All focus groups explained that the processes of collaboration were different now that they were working virtually. For example, prior to the pandemic, hallway conversations and other informal methods of engagement were frequent methods of team interaction as explained by an executive director, ‘You don't realize how much of that collaboration you do on the fly and so that’s been hard’ (FG10, executive director). A family physician from a different focus group also explained how teams were faced with finding new ways to collaborate without the opportunities for impromptu hallway conversations:

I think a lot of the really good work within high-functioning teams happens right at the beginning, before a meeting, or after a meeting, or when you run into each in the hallway and stuff, and so it’s a little bit depressing when you’re walking through the hallway and everyone’s door is closed, and it says ‘working from home’…There’s been a change that way. We’ve successfully converted to keeping up with each other virtually or what have you, but it’s not quite the same as popping by, or just being able to walk down the hall to ask somebody something. (FG7, family physician)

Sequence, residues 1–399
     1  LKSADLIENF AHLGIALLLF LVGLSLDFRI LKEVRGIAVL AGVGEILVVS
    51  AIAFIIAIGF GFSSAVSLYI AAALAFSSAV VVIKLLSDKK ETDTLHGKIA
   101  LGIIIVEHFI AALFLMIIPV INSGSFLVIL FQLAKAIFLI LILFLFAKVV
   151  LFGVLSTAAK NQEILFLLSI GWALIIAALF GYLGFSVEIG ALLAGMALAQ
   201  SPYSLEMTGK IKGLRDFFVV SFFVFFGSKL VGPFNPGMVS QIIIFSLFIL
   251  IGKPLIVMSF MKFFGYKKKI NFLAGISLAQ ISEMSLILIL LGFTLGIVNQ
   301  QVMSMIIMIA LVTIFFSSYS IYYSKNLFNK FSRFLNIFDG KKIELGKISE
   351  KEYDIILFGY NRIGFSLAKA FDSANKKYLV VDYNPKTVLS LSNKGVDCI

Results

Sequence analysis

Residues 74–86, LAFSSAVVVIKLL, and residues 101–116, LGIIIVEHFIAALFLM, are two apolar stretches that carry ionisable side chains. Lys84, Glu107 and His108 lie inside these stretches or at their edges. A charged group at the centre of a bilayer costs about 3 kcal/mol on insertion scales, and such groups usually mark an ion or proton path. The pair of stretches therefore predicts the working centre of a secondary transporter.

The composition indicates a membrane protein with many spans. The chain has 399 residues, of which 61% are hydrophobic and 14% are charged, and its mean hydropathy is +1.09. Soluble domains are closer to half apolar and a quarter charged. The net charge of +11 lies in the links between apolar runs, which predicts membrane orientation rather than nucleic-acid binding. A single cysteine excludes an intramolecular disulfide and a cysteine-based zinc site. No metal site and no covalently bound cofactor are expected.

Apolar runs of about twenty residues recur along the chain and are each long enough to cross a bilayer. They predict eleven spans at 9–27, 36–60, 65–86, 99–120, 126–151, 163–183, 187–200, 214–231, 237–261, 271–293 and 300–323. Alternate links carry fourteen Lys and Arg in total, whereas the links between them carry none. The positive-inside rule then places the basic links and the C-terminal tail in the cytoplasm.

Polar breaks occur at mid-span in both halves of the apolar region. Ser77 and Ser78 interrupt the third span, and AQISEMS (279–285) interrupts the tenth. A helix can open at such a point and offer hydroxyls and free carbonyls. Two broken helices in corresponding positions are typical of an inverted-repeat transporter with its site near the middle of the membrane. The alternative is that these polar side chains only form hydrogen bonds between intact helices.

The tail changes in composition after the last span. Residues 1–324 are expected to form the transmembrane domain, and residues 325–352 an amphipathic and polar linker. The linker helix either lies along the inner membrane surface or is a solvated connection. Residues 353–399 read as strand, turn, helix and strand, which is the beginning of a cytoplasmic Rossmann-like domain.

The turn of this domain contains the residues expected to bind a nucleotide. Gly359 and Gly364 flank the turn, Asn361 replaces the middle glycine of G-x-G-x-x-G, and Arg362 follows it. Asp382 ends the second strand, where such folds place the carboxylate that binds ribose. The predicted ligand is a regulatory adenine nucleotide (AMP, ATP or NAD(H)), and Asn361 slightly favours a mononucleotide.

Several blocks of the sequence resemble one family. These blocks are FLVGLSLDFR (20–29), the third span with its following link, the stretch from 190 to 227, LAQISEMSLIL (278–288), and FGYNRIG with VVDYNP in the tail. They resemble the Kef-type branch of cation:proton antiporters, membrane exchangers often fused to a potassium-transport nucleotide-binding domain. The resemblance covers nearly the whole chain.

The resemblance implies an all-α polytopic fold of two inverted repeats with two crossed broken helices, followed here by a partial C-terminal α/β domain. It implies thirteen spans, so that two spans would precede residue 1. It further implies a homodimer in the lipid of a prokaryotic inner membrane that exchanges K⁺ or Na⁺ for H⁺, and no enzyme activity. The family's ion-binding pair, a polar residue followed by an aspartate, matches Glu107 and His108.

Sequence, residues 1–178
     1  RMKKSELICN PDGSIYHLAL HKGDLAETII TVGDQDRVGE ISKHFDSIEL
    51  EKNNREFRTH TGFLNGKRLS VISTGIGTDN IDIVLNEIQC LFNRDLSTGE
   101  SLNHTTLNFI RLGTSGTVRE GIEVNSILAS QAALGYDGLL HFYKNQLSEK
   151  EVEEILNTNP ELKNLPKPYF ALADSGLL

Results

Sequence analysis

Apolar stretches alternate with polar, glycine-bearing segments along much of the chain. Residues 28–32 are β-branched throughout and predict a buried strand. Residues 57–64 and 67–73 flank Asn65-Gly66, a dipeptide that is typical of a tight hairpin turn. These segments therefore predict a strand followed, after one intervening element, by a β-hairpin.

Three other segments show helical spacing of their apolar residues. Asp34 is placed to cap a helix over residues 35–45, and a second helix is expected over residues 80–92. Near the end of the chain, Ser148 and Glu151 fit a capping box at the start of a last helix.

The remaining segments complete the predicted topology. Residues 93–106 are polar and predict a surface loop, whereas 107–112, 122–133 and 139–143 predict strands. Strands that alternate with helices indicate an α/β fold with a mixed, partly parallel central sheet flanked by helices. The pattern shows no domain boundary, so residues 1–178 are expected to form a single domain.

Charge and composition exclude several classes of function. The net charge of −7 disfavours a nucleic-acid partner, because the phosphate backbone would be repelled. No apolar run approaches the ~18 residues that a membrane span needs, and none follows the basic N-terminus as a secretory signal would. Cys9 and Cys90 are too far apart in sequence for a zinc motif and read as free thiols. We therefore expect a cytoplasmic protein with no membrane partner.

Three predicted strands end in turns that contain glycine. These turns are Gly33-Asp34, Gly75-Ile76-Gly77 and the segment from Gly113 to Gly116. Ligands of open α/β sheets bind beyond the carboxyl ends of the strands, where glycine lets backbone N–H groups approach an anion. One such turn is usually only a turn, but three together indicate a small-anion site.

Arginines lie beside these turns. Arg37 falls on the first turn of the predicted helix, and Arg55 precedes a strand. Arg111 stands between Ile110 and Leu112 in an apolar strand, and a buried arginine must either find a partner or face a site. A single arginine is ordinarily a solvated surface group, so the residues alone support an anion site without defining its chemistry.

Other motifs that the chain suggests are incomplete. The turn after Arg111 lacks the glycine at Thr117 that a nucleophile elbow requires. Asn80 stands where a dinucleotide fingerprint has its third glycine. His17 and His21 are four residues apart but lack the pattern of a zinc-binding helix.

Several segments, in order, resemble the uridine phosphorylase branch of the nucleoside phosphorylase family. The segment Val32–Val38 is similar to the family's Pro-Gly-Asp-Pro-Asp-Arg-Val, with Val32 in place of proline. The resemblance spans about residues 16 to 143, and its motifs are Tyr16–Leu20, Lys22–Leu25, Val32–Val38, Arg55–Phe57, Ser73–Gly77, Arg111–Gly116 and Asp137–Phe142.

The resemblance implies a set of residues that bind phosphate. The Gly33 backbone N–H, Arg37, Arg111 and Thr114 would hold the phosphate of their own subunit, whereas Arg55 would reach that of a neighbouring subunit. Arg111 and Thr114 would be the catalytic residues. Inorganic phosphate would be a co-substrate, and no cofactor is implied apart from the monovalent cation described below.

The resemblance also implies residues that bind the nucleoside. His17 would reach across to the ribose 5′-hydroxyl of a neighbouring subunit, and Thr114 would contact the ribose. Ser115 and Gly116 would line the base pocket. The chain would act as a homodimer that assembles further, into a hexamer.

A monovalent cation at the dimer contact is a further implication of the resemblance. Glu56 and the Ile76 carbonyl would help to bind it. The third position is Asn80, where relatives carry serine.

A social worker from a different focus group shared a similar perspective explaining that it was important to schedule times to come together:

It’s easy to get swept up in call after call after call, and then not necessarily connect with other people, and just live in this little insular bubble at home. [We] have to make it a priority…we schedule a [team] meeting every Friday, where we look at the referrals, and we touch base with one another. And for a couple weeks it kind of got swept under the wayside because there was a lot of other stuff going on. (FG3, social worker)

All focus groups also described a change in the frequency of interactions they had within their team. Most focus groups explained that they interacted with fewer members of the team. For example, a social worker in one primary care team explained: